You can’t extract two neatly distinct macroscopic fluxes opposing each other inside the same radiation field from such a profound quantum chaos. Only mathematically. And not unless your MIND first conjured such an image up to simplify the description. And not unless the geometry of the situation that you want to describe itself naturally encourages you to draw such a conclusion: Two objects facing each other, two fluxes moving through each other from either side. Your radiometric “sensor” pointed at the one object will detect an incoming flux, and pointed at the opposite object, lo and behold! it will detect a second flux. But is this really real? Is this how radiation really works? Or are you merely tricking yourself into thinking it’s real?

    Try and think this through …

  2. okulaer says:

    Tim Folkerts says, April 18, 2017 at 8:18 PM:

    Apparently there are indeed direct measurements of back radiation.

    And:
    April 18, 2017 at 5:57 PM:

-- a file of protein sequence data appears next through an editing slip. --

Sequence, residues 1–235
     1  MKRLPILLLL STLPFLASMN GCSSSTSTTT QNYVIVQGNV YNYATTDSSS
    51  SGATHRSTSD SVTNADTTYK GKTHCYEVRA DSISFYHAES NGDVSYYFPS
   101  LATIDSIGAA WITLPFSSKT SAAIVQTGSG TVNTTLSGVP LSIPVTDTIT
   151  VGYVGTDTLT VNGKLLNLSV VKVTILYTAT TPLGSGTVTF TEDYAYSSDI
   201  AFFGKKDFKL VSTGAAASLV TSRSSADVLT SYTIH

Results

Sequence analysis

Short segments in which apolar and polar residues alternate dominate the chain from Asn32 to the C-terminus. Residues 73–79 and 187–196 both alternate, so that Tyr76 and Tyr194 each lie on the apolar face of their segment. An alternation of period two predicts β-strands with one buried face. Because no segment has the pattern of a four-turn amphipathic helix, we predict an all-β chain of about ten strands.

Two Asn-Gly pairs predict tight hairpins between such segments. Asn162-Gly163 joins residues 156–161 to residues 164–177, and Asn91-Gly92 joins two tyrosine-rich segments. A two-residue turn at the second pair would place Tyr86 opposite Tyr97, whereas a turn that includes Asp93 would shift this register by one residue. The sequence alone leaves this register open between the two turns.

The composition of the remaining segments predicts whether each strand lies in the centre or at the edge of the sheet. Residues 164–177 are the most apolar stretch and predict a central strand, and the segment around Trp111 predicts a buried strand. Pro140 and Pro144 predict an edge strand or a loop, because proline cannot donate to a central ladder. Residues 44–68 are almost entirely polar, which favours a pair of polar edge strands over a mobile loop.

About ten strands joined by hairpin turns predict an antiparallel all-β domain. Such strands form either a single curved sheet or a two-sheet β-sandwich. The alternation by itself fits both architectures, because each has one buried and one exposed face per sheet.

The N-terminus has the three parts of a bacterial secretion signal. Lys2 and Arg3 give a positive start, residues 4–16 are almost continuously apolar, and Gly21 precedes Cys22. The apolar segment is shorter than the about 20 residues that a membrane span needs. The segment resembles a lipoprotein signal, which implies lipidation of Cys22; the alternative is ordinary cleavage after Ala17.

[“Focal Plane Arrays”] are solid state devices used in a variety of detectors, including IR detectors. I haven’t done extensive research, but they detect incoming photons, NOT HEAT.

    Dear me. Tim, you cannot be serious!? This again?

    OF COURSE they also detect the radiant heat, that is, the net flux of photons from the surroundings to the detector. I have to ask you the same question as I asked Norman: How do you imagine yourself actually being able to detect discrete thermal photons coming in to you from somewhere cooler than yourself? How would you picture this to be physically possible? I mean, think about it for just ONE second! Look, I’m not saying there AREN’T photons from cooler surroundings being absorbed by a warm surface. I’m saying that you wouldn’t be able to tell. As long as the NET FLUX of photons through the radiation field between the surface and its surroundings is moving AWAY FROM the surface. It is ALWAYS the net flux that is “sensed”. Anything else would be … stupid, absurd, un-physical. If you microscopically detect single photons, they are specifically from a macroscopic POSITIVE net flux of photons coming IN.

    You’re saying:

    They often require cooling to low temperature (…)

    No. They ALWAYS require cooling to low temperature. If you want your detector to “see” LWIR or FIR photons, you better cool it down to cryogenic levels. The warmer your target is, the higher the detector temperature can be as well. That’s how these things work. Even the manufacturers of these instruments are careful to point out that if the detector itself were kept at a temperature that’s too high, then its OWN photons/radiation would basically flood its “field of view” and effectively “drown out” any potential signal of incoming photons.